return $testval;
   }
  }
 $testobject = unserialize($serialized_testobject);
 echo $testobject->get_testval();
 ?>

Note that the test class needs to be defined as it is not defined in the serialized string. Defining the class in a different way may cause problems when unserializing. The class must have the same name.

Certain objects, however, will need to perform tasks before and after serializing to ensure consistency between runs. For example, database links will need to be destroyed when serializing and recreated when unserializing, or they will be invalidated later. The object is prepared for serialization during the user-defined __sleep() method, and is prepared for work after unserializing with __wakeup(), as shown below.

 <?php
 class db_link {
  private $link;
  public function __construct ($database_name) {
   $link = mysql_connect ("localhost", "your_user_name", "your_password");
   mysql_select_db ($database_name, $link);
   }
  function query ($sql_query) {
   $result = mysql_query ($sql_query, $link);
   return $result;
   }
  function __destruct() {
   mysql_close ($link);
   }
  function __sleep() {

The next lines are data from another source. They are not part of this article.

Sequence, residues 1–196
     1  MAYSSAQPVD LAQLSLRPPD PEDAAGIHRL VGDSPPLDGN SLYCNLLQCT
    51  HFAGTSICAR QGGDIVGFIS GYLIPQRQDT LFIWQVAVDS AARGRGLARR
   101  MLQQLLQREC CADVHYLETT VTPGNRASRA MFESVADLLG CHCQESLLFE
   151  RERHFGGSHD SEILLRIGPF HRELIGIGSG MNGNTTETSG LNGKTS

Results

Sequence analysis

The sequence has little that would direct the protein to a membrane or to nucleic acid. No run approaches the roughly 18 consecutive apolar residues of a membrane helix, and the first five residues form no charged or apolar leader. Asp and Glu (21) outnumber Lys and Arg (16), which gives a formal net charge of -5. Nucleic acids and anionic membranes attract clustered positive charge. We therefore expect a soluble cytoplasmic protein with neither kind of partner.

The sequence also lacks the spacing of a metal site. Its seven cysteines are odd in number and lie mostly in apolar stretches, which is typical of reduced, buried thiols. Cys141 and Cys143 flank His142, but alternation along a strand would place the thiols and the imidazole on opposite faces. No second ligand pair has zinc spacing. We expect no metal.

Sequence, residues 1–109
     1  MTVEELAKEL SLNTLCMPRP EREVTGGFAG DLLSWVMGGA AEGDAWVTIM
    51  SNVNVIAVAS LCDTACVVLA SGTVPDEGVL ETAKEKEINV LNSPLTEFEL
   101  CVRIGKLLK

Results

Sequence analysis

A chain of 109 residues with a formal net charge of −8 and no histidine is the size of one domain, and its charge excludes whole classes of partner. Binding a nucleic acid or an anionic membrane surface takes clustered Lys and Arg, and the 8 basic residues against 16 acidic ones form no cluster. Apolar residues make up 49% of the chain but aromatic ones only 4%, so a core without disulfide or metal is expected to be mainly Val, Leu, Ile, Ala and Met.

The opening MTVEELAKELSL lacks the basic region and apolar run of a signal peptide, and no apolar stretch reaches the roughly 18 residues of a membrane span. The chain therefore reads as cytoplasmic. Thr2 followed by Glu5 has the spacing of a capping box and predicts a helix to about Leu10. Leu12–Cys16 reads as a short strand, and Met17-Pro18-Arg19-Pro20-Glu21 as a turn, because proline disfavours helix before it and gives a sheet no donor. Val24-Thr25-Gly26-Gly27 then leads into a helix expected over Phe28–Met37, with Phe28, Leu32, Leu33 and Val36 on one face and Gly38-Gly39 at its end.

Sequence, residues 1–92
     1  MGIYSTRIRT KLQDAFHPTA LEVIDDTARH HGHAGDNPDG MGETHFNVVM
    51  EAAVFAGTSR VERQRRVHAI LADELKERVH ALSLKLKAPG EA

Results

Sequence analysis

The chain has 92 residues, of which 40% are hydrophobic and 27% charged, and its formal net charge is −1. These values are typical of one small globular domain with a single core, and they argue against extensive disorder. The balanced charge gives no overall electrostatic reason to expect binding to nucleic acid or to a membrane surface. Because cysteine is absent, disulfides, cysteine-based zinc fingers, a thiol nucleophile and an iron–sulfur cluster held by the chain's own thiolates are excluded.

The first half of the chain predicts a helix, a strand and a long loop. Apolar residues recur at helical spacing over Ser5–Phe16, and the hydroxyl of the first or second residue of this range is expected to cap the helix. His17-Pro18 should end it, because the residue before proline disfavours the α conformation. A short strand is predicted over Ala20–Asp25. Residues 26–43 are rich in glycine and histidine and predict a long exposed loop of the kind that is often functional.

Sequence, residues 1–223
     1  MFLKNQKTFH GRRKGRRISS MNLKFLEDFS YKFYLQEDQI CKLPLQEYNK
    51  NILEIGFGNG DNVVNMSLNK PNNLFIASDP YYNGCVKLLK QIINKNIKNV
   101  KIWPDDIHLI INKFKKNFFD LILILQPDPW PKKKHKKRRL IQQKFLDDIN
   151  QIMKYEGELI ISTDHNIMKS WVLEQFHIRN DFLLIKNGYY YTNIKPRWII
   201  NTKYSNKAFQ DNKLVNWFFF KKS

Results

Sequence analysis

mysql_close ($link);
  }
  function __wakeup() {
   $link = mysql_connect ("localhost", "your_user_name", "your_password");
   mysql_select_db ($database_name, $link);
  }
 $db = new db_link ("MyDB")
 $result = $db->query ("Select * from MyTable")
 ?>

Here, the link is closed when serializing, and reopened when unserializing as the link would probably not have the same network state if stored in a text file for a few hours. In complex classes, many properties and other data not highly dependent on time would be stored in the serialized string, while more volatile things like file handles and database links would be closed and reopened later. An exception does exist: Large amounts of data that can be quickly generated should be destroyed or at least compacted in __sleep() so they do not take up space in the serialized file. For example, an array containing algorithmically-generated entries that is 2000 entries long should be regenerated.

Last modified on 19 March 2013, at 15:03